In making an achromatic lcns, I use two rubbctcd rings, A a l, connected by a cylinder, H, as represented in figzd. In the rabbct of the ring A is cemented a circular flat plate glass and a curved glass or shell, which form a piano-convex cell, K; or two curved glasses may be used, forming a double convex cell; and in the rabbet of the ring a is secured another curved glass, L, with its concave side outwards, thus forming with the flat plate N another cell of the plane-concave form, M, to be filled through an opening, 0, in the cylinder, H, with a fluid of a high refracting index, (the bisulphuret -of carbon, for instance,) whilst the cell K is filled with a fluid of a lower rcfracting index, as hcreinbcfore described. The rci'racting power of the two fluids in their respective cells, being properly adjusted in relation to each other by dilution or otherwise, are made to corrcct each other for chromatic aberration in the same manner that a solid biconvex lens of crown glass and a solid biconcave lens of flint glass correct each other in the ordinary way.
Doubtless curved glasses could be made by some other method than that herein described, either by blowing, I
pressing, or grinding and polishing, but the process herein described for bending is practically by far the cheapest and best.
I am aware that fluid lenses have been made by cementing together two watch crystals for experimental purposes; also that attempts have been made to use refractingfluids in combination with a lens of crown or solid glass in order to correct chromatic aberration. I am also aware that bending glass by its own weight when highly heated is not new. I therefore do not claim either of these per se; but,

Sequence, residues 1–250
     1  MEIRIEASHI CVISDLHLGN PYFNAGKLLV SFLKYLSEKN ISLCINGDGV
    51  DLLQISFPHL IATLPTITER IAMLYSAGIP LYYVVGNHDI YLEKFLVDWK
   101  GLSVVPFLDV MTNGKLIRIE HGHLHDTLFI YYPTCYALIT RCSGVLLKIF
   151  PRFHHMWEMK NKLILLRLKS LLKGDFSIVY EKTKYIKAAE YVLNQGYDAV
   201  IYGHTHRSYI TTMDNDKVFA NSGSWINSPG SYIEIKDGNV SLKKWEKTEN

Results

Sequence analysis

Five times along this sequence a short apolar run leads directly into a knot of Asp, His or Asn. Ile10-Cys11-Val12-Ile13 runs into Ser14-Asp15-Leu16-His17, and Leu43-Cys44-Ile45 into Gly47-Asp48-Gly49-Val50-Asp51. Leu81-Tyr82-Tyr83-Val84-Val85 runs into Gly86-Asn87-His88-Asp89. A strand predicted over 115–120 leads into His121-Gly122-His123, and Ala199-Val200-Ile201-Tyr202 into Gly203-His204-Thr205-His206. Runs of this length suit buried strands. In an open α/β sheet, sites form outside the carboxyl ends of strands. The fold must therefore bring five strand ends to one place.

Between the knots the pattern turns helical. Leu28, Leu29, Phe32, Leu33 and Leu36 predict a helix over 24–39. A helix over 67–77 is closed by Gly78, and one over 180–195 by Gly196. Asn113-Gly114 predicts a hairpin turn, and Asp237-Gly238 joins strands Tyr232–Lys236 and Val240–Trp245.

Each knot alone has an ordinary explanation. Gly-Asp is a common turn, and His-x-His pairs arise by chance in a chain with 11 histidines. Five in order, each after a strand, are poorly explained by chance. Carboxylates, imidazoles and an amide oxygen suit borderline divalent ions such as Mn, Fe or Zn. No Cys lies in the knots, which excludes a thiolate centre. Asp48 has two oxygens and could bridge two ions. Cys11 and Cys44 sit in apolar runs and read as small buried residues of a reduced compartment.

What I claim as my invention, and desire to secure by Letterr Patent, is-
1. Themethod herein describedof bending disks of glass so as to produce a convex or concave lens of spheroidal, parabolic, or hyperbolic profile, for the purpose set forth.
2. The use of twoor morev pieces of plate or flattened glass, bent to the required curve or profile, as herein specified, in combination with the cement and rings, or their equivalents, for holding them together, substantially as set forth. l
'3. Combining, with three or more glasses formed into cells as described, fluids of difl'erent index of refraction, that will correct chromatic aberration, substantially as described,
' D. A. WOODWARD.
Witnesses HANsoN E. WEAVER, W. MORRIS- SMITH.